Dinner plate dating
Many dated examples between 19 exist, and occasional examples dated between 19 have also been noted although B.8 was more generally used in those years (with the words MADE IN ENGLAND at the bottom of the mark in place of the single word ENGLAND).
This mark is still used on fine earthenware products such as Character Jugs.
On smaller wares, only the bottom half of this mark (i.e. Although B.8 was generally used between 19 B.7 is occasionally found on wares made during these years.
the WEDGWOOD mark is found on useful wares between 17 and on all wares produced thereafter until the sans serif version of the mark was introduced in 1929It was in 1769 that he formed two partnerships, Wedgwood and Bentley produced decorative ware with his good friend, Thomas Bentley.Between 1878 (when Henry and James Doulton acquired the major interest in the Pinder, Bourne factory in Nile Street, Burslem) and 1882 (when the name of the firm was changed to Doulton & Company, Burslem) existing Pinder, Bourne marks continued in use, such as the name in full: PINDER BOURNE CO.: and the initials P. Introduced in the latter part of 1901 to mark the grant of the Royal Warrant by King Edward VII together with the specific right to use the word ROYAL to designate Doulton products. Several of these were adopted after 1882 by Doulton and remained in use for about twenty years. Occasionally found also between 19 along with B.7 but the later Holbein Wares were not always specifically marked.The first letter of the code represents the month of manufacture, the second identified the potter who threw the shape and the last letter signifying the year the piece was made starting with . From 1907 on in the third series the first letter for the month is replaced by a 3 and with the fourth series commencing with A in 1924 with the figure 4.There is an area of confusion in wares in the first two series.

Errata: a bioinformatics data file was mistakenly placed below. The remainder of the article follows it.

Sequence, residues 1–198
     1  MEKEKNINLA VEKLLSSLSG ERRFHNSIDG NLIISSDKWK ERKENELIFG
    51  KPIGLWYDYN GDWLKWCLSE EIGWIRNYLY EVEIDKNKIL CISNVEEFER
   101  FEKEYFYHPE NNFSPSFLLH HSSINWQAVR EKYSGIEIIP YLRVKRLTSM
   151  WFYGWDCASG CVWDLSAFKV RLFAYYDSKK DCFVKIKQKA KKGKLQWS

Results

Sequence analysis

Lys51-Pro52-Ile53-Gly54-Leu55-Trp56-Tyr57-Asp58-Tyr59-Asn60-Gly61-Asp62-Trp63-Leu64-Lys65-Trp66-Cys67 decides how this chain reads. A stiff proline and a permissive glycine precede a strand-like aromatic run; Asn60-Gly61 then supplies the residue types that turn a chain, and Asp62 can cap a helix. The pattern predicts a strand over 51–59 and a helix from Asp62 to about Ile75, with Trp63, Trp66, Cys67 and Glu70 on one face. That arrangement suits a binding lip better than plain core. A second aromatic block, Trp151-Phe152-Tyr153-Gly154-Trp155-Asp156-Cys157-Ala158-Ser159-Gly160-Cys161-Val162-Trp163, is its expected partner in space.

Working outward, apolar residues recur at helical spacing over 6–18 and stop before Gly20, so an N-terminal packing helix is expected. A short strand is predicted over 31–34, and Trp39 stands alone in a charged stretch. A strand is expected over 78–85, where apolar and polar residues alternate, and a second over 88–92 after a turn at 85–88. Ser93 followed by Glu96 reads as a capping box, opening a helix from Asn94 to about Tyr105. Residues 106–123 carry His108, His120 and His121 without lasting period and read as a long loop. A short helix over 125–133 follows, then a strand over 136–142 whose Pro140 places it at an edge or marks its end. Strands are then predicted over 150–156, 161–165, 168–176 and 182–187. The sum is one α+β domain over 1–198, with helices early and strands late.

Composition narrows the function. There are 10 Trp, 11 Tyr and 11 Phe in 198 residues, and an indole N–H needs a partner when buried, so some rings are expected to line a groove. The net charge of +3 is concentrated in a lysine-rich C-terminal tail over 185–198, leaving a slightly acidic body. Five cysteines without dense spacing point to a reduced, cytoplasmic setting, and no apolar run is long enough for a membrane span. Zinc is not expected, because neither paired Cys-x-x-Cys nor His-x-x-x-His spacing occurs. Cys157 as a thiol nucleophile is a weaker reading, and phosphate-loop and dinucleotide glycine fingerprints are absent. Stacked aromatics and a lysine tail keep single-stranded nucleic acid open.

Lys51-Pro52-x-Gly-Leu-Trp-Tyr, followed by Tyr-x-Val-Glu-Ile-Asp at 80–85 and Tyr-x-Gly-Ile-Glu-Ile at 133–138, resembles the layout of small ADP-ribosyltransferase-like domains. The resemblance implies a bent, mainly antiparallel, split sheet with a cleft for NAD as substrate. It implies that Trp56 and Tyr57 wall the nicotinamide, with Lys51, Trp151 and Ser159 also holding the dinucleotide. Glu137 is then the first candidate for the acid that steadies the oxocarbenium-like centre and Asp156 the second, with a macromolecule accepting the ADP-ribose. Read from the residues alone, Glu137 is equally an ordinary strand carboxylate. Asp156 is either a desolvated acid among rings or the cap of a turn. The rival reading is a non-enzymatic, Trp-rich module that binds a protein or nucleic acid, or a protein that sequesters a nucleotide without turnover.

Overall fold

The coronet was probably added to the earlier mark c. The Prince of Wales' (later King Edward VI 1), ENGLAND was added underneath after 1891. It appears to have been used instead of B.3 especially on bone china products and on the more expensive earthen wares.